The campaign appears to be the latest element in a broad push by President Xi Jinping, the chief of the Communist Party, to expunge the image of corruption associated with Chinese officials.The Public Security Ministry in Beijing pledged last month to strike a blow against the “three vices” — prostitution, gambling and drug use — but the focus of the crackdown is obviously on sex for sale. 9, when China Central Television broadcast what it billed as undercover exposé, showing liaisons for pay in Dongguan hotels.(A manager at the Sheraton said an outside company ran the spa, though a call to the spa’s phone number was answered by the Sheraton’s guest services department.)The Ministry of Public Security has ordered police departments across China to carry out similar clampdowns.A joke making the rounds goes that to curb a recent surge in bird flu Mr.International brand-name hotels have not been spared.The local Sheraton has a foot massage parlor on the fifth floor that has been shut down, and the spa next to the hotel has police seals on its doors.The next day, the party chief of Guangdong Province, which includes Dongguan, ordered the city to shut down its entertainment sites for three months.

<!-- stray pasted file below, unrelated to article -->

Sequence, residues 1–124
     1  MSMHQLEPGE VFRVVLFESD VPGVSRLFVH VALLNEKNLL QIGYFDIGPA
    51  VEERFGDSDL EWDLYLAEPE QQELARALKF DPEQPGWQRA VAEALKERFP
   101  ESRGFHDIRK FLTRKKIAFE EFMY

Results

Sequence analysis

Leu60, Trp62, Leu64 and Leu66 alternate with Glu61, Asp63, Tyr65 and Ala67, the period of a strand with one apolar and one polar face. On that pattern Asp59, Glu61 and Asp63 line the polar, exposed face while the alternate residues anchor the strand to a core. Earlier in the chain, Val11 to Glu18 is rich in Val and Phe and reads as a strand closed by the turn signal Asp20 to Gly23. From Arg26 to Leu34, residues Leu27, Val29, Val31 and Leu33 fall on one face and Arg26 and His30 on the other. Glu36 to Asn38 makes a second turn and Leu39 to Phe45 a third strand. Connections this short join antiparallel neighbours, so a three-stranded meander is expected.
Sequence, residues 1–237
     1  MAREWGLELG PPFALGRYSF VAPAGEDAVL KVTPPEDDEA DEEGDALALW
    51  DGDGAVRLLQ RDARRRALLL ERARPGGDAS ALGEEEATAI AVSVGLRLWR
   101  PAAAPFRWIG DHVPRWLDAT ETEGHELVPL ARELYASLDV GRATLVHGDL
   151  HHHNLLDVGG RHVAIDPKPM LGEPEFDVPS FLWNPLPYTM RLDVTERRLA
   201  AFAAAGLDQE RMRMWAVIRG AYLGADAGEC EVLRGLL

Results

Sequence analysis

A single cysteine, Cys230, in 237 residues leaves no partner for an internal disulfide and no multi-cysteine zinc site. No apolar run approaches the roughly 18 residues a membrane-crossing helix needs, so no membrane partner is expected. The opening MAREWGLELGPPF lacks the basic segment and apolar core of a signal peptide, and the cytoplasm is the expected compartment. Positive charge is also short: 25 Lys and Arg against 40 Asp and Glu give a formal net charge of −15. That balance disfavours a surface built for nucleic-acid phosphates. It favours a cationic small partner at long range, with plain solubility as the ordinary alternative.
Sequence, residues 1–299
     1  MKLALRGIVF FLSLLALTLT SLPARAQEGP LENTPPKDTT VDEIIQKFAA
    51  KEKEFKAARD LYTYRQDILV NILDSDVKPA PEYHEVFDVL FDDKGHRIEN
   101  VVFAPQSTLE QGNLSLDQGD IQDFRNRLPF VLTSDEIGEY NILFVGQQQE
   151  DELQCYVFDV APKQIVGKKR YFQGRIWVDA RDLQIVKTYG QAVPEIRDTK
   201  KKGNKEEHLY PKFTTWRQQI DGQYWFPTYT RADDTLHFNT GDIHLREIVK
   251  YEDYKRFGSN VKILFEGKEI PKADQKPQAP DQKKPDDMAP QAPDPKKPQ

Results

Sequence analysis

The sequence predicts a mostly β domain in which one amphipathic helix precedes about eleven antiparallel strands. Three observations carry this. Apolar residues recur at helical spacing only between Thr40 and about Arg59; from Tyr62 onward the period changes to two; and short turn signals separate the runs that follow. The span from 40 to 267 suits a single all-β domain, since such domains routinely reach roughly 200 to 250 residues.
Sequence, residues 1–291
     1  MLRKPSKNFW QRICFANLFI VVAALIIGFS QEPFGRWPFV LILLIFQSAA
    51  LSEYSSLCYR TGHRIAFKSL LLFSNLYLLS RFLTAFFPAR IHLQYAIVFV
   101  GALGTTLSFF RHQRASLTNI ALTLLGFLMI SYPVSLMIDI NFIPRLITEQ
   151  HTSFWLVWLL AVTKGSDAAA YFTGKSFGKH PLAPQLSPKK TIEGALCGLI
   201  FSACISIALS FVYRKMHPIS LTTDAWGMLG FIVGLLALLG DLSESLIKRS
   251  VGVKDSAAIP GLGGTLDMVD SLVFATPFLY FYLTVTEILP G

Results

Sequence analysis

He said that he knew a man from Singapore who had paid for sex with five women at once.
But he is now wary of contact from potential clients because they may be police officers “fishing” for people to arrest, and the clients have the same fears about making contact. 10, the Dongguan police announced that they had inspected nearly 2,000 entertainment sites in the city, had found 39 of them to be “yellow venues” (yellow is a slang term in China for erotic), and had arrested 162 people.
In the first six days, according to the Security Ministry’s website, more than 2,400 yellow venues across the country were shut, 73 prostitution rings were broken and more than 500 people were detained.
The sex industry is more developed in Dongguan than in other Chinese cities, according to scholars, prostitutes here and the program on China Central Television, which drew wide criticism for showing prostitutes without obscuring their faces.
Clubs give customers menus of dozens of services, some with names that have typically Chinese poetic flourishes (“phoenix rising from the bath”).